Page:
ROSENBERG: Well I haven’t seen direct criticism. I think my tweets indicate that they have not indicated that they’re changing their own position or somehow rushing forward to give a bear hug to this process. I think the stakes are the highest for the Saudis. We also went at the invitation of arguably the most controversial leader in the world, certainly in the top five, let’s say if you had Putin, and the dear leader of North Korea, I mean if you add crown prince Mohammed bin Salman into the mix of some of the most controversial leaders in the world, he’s invited me twice to bring evangelical delegations, once in November of 2018, but then he invited us back again in September of 2019. So some of that was off the record, certainly as regards to Israel, but I can say that I sense that there’s—we can all see it in the reporting, what’s going on in the region—there is a warming towards Israel and towards the Jewish people. Bringing in a Jew, an Israeli, okay, an evangelical, but still it’s even more sensitive for the Saudis. They are taking baby steps. Again, for them it’s actually one small step for man, but one giant leap for the Saudi kingdom. These are big steps. The crown prince has indicated that he believes Israel has every right to be a secure state in the region. But they’re not going to lurch into normalization, because the stakes are very high. They are the epicenter of Mecca, Medina, Islamism historically—meaning political Islam—Sunni. And I think they—I sense they want to move in this direction, but they’ve got a population that is much more conservative, because they made it conservative. My term, not theirs, but they poisoned the well with anti-Semitism, anti-Zionism, anti-Israelism, for so long [that] it’s going to take some time to steer that ship differently. I think if you look at Bahrain, Oman, Morocco—some of these other countries are much more likely in the near term—I don’t want to predict how near—but I’ve got conversations with all of them, and I think they also could go down this road. I think the Saudis will get there. I wrote a political thriller that’s out this year called The Jerusalem Assassin, that’s about a Saudi leader coming to Jerusalem for a major peace summit with Israelis, as long it was hosted by the American president, but then all the bad guys come out of the woodwork to try to blow the thing up. So, I know they’ve read the book at the top levels, so maybe I’ve slowed down their process. I don’t think so, I think I’m reflecting, they’ve got a lot of things to weigh, and they’ve got to have a strategy to move forward step by step.

TOOLEY: And Joel, finally, it’s fair to say you are predominantly a man of hope, and I assume that you are, overall, hopeful for the future of the Middle East?

ROSENBERG: Well, yes. I will tell you Mark, that as a Russian Jew, my natural bearing is to be a worst-case scenario thinker, to see the world as, the glass is not only half empty, but cracked and leaking. That’s naturally the way I see the world. But as a believer in Christ with the Holy Spirit within me, yes, I am hopeful ultimately. But I will tell you, that I see the next few months and few years as—I think we’re going to see more peace agreements; however, I also see darkness. And I think it’s split between east and west. To the west you have the US, Israel, Sunni Arab alliance emerging. But to the east you have Russia, Iran, Turkey, the Muslim Brotherhood, Qatar is sort of playing both sides of the fence. It’s a problem, and it’s going to be a clash, and it’s something we’re going to have to negotiate, navigate our way through, both as Americans and as Israelis. So hopeful, yes. And ultimately, Christ will come and make it all right and he’ll reign from right down the street here in Jerusalem—looking forward to that.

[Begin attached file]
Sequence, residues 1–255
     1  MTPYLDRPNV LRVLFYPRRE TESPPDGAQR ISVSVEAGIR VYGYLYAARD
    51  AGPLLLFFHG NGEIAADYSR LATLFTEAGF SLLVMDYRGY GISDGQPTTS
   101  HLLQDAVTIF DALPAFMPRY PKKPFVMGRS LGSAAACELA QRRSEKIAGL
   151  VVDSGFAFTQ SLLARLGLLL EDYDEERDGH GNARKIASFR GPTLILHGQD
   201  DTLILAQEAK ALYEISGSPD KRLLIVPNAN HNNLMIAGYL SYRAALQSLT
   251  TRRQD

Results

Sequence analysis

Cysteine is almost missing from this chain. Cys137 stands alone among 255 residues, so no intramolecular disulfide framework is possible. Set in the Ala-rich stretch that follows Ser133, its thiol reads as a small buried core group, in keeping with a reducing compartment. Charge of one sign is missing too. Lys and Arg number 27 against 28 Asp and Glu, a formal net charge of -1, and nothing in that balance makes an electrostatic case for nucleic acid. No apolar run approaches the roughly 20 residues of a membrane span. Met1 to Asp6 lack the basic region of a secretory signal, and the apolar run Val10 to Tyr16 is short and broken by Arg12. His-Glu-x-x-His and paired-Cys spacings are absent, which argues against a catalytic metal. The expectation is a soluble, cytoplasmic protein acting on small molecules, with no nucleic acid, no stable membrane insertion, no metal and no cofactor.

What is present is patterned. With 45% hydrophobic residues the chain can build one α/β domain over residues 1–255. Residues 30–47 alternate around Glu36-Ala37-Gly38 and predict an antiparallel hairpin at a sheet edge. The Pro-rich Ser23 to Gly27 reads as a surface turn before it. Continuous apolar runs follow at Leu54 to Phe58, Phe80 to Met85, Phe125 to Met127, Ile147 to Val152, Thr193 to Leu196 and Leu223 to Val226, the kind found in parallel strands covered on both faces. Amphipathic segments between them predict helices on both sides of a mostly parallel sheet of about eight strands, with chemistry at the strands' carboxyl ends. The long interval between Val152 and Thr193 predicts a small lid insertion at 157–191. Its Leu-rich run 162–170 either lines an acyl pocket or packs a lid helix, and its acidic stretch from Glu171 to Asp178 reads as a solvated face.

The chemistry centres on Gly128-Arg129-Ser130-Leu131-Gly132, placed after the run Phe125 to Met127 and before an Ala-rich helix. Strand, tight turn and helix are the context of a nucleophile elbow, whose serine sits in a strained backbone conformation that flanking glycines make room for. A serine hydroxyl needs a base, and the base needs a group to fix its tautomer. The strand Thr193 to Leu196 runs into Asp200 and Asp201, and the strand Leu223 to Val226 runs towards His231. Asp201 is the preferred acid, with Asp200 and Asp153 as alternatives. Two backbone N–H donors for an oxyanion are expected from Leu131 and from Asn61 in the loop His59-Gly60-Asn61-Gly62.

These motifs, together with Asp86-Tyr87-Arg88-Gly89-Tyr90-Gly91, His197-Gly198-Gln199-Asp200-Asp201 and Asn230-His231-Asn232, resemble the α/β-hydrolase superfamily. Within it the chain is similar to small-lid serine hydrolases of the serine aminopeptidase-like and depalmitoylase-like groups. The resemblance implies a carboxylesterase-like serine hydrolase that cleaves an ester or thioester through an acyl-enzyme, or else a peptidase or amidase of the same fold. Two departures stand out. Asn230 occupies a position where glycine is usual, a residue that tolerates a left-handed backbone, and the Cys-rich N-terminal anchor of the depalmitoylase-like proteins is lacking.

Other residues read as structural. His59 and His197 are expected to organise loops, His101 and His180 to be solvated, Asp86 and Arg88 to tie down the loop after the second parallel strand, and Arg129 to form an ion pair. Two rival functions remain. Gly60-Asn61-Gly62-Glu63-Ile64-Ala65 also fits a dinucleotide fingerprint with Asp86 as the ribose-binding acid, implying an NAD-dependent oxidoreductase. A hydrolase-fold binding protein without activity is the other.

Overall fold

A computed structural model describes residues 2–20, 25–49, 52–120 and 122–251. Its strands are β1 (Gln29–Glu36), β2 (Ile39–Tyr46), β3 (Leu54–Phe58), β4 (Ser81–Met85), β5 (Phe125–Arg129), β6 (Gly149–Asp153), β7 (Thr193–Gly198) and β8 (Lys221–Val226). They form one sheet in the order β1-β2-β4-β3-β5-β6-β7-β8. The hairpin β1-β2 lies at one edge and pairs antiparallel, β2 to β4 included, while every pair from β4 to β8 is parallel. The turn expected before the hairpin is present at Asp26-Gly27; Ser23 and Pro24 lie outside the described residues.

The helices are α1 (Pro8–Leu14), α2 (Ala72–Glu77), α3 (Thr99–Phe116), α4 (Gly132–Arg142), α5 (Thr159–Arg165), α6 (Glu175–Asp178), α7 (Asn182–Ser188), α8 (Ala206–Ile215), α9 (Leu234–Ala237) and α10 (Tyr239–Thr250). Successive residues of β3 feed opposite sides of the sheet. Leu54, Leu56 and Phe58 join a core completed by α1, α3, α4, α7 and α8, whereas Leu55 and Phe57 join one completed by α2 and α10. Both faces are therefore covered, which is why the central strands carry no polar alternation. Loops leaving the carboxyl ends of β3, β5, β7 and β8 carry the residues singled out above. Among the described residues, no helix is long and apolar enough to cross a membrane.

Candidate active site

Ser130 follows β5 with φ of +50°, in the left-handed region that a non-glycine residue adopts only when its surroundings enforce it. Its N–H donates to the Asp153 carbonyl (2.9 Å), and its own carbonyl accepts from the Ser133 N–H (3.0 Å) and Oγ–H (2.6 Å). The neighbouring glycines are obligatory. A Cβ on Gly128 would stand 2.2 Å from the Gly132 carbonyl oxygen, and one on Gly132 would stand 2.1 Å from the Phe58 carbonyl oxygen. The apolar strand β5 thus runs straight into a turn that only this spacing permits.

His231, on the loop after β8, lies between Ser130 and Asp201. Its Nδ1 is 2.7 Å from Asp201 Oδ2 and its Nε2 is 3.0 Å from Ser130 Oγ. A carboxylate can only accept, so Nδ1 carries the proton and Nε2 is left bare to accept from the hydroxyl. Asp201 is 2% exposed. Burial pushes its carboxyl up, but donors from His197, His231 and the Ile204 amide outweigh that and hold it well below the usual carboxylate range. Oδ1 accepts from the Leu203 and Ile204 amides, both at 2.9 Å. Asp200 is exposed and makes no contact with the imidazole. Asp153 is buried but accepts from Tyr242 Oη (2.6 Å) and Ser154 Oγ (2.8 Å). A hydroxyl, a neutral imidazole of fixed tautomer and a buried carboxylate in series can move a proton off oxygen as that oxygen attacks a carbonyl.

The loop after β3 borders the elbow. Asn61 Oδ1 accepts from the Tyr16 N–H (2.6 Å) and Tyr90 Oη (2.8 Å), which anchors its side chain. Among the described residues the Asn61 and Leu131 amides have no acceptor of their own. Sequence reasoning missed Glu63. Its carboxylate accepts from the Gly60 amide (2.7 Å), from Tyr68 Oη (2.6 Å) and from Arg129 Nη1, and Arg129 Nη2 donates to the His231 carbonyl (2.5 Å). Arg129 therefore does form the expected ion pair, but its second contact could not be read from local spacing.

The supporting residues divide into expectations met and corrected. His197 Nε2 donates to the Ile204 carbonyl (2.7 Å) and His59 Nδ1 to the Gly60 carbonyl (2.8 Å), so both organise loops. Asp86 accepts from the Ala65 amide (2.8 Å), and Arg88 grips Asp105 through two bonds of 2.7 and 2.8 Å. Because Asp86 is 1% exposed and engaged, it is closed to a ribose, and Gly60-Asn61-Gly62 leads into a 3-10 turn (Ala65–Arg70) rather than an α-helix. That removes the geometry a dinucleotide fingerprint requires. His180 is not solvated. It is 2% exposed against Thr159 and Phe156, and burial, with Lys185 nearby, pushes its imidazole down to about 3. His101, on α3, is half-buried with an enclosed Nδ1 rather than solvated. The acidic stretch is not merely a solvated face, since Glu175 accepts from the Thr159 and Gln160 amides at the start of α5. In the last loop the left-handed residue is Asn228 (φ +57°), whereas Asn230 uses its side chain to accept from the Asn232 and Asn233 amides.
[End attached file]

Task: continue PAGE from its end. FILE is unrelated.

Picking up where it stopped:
In the meantime, we as followers of Christ need to realize that a lot of our brothers and sisters have struggled tremendously in this region, and continue to, whether it’s the genocide of ISIS, the horror show under Hezbollah, Iranian occupation in Lebanon, under Hamas occupation in Gaza, having no freedom to open up a church legally in Saudi Arabia. There’s a lot of challenges in this part of the world; it’s a messy neighborhood, but there are movements now, in the last few years, that are very encouraging.

And I’ll just—maybe I’ll end with this one. There’s a lot of challenges for Coptic Christians in Egypt. And I believe a lot of progress is made, but there’s a lot more that has to be made. And if you talk to American Coptic Christians, they are not as warm and encouraged by the reforms that Egyptian President el-Sisi has made, then by some—and I would think many, in my perception Egyptian Coptic believers. But again, decisions made at the top don’t always filter down in a country of 100 million people. But just as one example, the Egyptian president built a church, the largest in the Middle East, and gifted it to the Egyptian Coptic Christian population on Eastern Orthodox Christmas Eve last year. President Sisi invited me to bring a delegation to be part of that, to be there at the opening. We did; we thanked him; we met with dozens and dozens of Egyptian Christians, both Protestant and Coptic Orthodox. These are moments of progress, but they don’t solve all the problems. So we need to keep understanding what’s going on in the Arab Muslim world, as for in Israel, and again that’s one of the reasons that I’m launching these two new websites All Israel News, All Arab News, again, to link to articles that you’re writing. We’re going to write original stuff and do original interviews, but I feel like there’s not a one-stop shopping place that drives more people to what you’re writing, and what Johnny Moore is writing, and others who are evangelicals, who have a heart for both sides of this conflict, multiple sides of the conflict. But not enough people, in my view, exactly know where to find those voices and to understand what’s happening and why it matters and how to pray differently and maybe in a more focused way than they have in the past.

TOOLEY: Joel Rosenberg, author and analyst of Mideast affairs, thank you so much for a fascinating conversation

ROSENBERG: Thank you Mark. Next year in Washington or Jerusalem.

TOOLEY: Absolutely.